The goals for the robot were to have an easy to build, easy to program robot that did something interesting, and was also low-cost so the workshop participants could take it home and continue to learn. These requirements led [MakersBox] to the Adafruit Pro Trinket 3V, stepper motors for accuracy, and a 3d printed chassis to allow for customization.
Another version of the Arduino should work without any problems and even possibly a Raspberry Pi, suggests [MakersBox]. With the latter’s more diverse programming environment opening up a lot of possibilities
Drawing robots like this for education are not new. [Seymour Papert] created one of the first turtle robots, seen at the left, in the 1980s. He even created the Logo programming language and adapted it for use with the turtle. An interesting similarity between [MakersBox’s] and the original turtle is the drawing pen is in the center of both.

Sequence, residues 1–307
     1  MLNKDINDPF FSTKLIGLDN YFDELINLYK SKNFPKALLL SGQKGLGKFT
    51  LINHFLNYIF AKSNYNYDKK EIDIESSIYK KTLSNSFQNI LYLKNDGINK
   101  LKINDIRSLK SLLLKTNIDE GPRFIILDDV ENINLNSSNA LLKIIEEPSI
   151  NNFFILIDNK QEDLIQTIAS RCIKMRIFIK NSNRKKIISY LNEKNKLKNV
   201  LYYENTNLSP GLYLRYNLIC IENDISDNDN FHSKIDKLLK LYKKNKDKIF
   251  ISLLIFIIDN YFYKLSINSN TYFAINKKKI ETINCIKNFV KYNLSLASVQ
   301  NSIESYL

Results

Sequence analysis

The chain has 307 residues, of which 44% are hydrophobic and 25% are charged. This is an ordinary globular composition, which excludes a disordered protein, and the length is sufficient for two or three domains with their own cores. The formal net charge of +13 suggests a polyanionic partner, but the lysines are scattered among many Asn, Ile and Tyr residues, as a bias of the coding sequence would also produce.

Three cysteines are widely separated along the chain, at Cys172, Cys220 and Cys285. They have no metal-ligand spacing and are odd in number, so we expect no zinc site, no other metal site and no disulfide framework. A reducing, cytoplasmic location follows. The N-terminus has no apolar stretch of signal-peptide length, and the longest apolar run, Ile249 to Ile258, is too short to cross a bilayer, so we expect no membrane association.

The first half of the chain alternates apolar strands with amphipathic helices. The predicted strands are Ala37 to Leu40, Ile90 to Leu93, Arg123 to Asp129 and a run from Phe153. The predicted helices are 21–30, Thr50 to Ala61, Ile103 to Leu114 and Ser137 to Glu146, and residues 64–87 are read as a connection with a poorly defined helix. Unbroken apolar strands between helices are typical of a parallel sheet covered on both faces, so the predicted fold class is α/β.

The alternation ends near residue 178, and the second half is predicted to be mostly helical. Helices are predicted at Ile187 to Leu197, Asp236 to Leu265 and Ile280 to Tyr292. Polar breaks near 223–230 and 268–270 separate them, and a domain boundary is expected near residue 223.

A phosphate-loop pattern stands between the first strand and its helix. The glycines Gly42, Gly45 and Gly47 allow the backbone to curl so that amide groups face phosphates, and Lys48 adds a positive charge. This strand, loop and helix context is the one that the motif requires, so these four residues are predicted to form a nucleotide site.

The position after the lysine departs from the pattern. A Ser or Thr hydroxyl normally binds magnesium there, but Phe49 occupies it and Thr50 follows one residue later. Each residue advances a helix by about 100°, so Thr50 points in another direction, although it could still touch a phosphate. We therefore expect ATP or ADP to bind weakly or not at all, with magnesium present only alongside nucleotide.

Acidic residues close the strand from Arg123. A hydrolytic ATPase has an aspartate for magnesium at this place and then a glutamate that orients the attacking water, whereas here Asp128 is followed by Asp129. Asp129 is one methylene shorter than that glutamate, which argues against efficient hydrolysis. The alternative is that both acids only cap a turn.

It shouldn’t come as much of a surprise that more than half of the world’s population doesn’t have an Internet connection. It’s tricky to get an exact figure on this, however the number of people without connection is commonly agreed to be somewhere around 2/3rds of the population of the planet. There are some heavy hitters working on this problem with some pretty interesting solutions.
OneWeb is an outfit with [Richard Branson] as the front-man who plan to launch low orbit satellites to communicate with ground terminals. The ground terminals would rebroadcast the communication signals from the satellites resulting in 2G, 3G, LTE, and WiFi signals for those near a ground terminal.
Perhaps the most surprising is [Zuckerberg’s] solar-powered internet laser beaming drones. The idea is that these laser birds will circle over an Internet dead-zone like buzzard over a dying buffalo (reaching?) and provide connectivity to those below. The solar drones will fly at an altitude of 20km which is a pretty good ways up there, and they are believed to be able to stay in flight for months at a time. There’s a Facebook PhD explaining this in a video after the break, thanks Dr. Facebook.